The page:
Saturday, January 17, 2009

There is also a conflict between Arab nationalists and Islamists being played out in the M.E.

In Iran, elements from within the regime are reportedly offering a $US1 million ($1.5 million) reward for the assassination of Egyptian President Hosni Mubarak because of his opposition to Hamas in the Gaza Strip. In Lebanon, the leader of Hezbollah, backed by Iran and Syria, merely calls for the Egyptian Government's overthrow.

In response to this, the editor-in-chief of the Saudi newspaper Al-Sharq al-Awsat, Tariq Alhomayed, describes Hamas as Tehran's tool and argues: "Iran is a real threat to Arab security." Egyptian Foreign Minister Ahmed Aboul Gheit agrees, and he is not alone. When Arab states met to discuss the Gaza crisis, Saudi Arabia vetoed any action. Even the Palestinian Authority blames Hamas for the fighting. Activists in Hamas's Palestinian rival Fatah, which runs the authority, make no secret of their hope that Hamas loses the war.

Welcome to the new Middle East, characterised not just by the Arab-Israeli conflict, but by Arab nationalists versus Islamists. Recognising this reality, the Palestinian Authority and virtually all the Arab countries other than Iran's ally Syria, want to see Hamas defeated in the Gaza Strip. Given their strong interest in thwarting Islamist revolutionary groups, especially those aligned with Iran, the Arab states are not inclined to listen to the "Arab street", which is far quieter than it was during previous conflicts, such as the 1991 war in Kuwait, the 2000-04 Palestinian uprising or the 2006 Israel-Hezbollah war.

Today's Middle East is very different from the old one in many significant ways. First, the internal politics of every Arab country revolves around a battle between Arab nationalist rulers and a radical Islamist opposition. In other words, Hamas's allies are the regimes's enemies. An Islamist state in the Gaza Strip would encourage those who seek to create similar entities in Egypt, Jordan and every other Arab country.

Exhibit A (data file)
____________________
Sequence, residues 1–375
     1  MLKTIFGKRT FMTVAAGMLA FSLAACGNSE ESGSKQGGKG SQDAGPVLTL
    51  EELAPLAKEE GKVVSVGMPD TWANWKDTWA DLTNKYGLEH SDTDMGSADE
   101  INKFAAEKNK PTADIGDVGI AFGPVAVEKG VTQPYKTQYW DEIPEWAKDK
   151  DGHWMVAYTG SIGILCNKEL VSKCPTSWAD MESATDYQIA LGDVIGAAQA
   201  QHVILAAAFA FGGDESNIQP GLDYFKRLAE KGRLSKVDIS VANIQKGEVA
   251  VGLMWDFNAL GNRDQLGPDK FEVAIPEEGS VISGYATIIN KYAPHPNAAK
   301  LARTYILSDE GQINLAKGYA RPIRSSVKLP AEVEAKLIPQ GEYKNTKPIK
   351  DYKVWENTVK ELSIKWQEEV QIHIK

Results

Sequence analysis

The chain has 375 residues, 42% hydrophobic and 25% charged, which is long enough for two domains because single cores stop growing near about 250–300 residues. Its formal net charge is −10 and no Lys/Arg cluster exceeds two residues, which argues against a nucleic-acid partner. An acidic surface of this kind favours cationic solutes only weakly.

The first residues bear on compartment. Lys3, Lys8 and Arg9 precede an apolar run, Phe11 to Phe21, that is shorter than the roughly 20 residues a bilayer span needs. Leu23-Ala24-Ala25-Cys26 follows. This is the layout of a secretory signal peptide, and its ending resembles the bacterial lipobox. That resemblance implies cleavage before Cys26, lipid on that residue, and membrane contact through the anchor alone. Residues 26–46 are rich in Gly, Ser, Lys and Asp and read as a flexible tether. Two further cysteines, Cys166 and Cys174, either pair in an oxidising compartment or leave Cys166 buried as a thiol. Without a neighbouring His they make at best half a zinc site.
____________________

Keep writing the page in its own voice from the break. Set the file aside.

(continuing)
A tremendous price has been paid in lives and treasure for this nationalist-Islamist conflict. The violence has included civil wars among the Palestinians and Algerians, massive bloodshed in Iraq and terrorist campaigns in Egypt and Saudi Arabia. In the Palestinian case, after winning an election victory and making a deal with Fatah for a coalition government, Hamas turned on its nationalist rivals and drove them out of Gaza by force. In return, the Palestinian Authority has been repressing Hamas in the West Bank.

In Lebanon, Hezbollah has been trying to bully its more moderate Sunni Muslim, Christian and Druze rivals into submission. And because the Arab states confront an Iran-Syria alliance that includes Hamas and Hezbollah, in addition to the internal conflicts there is a regional battle between these two blocs. A major aspect of this power-struggle is that the largely Sunni Muslim-led states face a largely Shia Muslim-led competitor for regional hegemony. These two struggles pose far greater dangers to the existing states than does any (largely fabricated) Israeli threat, and the region's rulers know it.

On the other side of the divide, Iran and its allies have put forward the banners of jihad and "resistance" to the US and Israel. Their platform includes Islamist revolutions in every country; Iran as the region's dominant state, backed up by nuclear weapons; no peace with Israel, and no Palestinian state until there can be an Islamist one encompassing all of Israel as well as the West Bank and Gaza Strip; and above all the expulsion of Western influence from the region. This is a highly ambitious program and probably impossible to achieve. Nevertheless, it is a prescription for endless terrorism and war. Both pro-Iranian and anti-Iranian Islamists believe that because God is on their side and their enemies are cowardly, they will win -- and they are quite prepared to spend the next half-century trying to prove it.

Although this seems to be a pessimistic assessment of the regional situation, the radical Islamist side has many weaknesses. Launching losing wars may make Islamists feel good, but being defeated is a costly proposition, because their arrogance and belligerence antagonises many who might otherwise be won over to their cause. And the situation provides a good opportunity for Western policy makers.

The emphasis should be on building coalitions among the relatively moderate Arab states threatened by radical Islamist forces, and on working hard to prevent Iran from obtaining nuclear weapons, a goal that is in the interests of many in the region. The worst mistake would be to follow the opposite policy, making an inevitably futile effort to appease the extremists or seek to moderate them. Such a campaign actually disheartens the relative moderates who, feeling sold out, will try to cut their own deal with Tehran.

The crisis in Gaza is only one aspect of the much wider battle shaking the region. Helping Hamas would empower radical Islamism and Iranian ambitions, and undercut the Palestinian Authority and everyone else, not just Israel. Arab states don't want to help their worst enemy, so why should anyone else?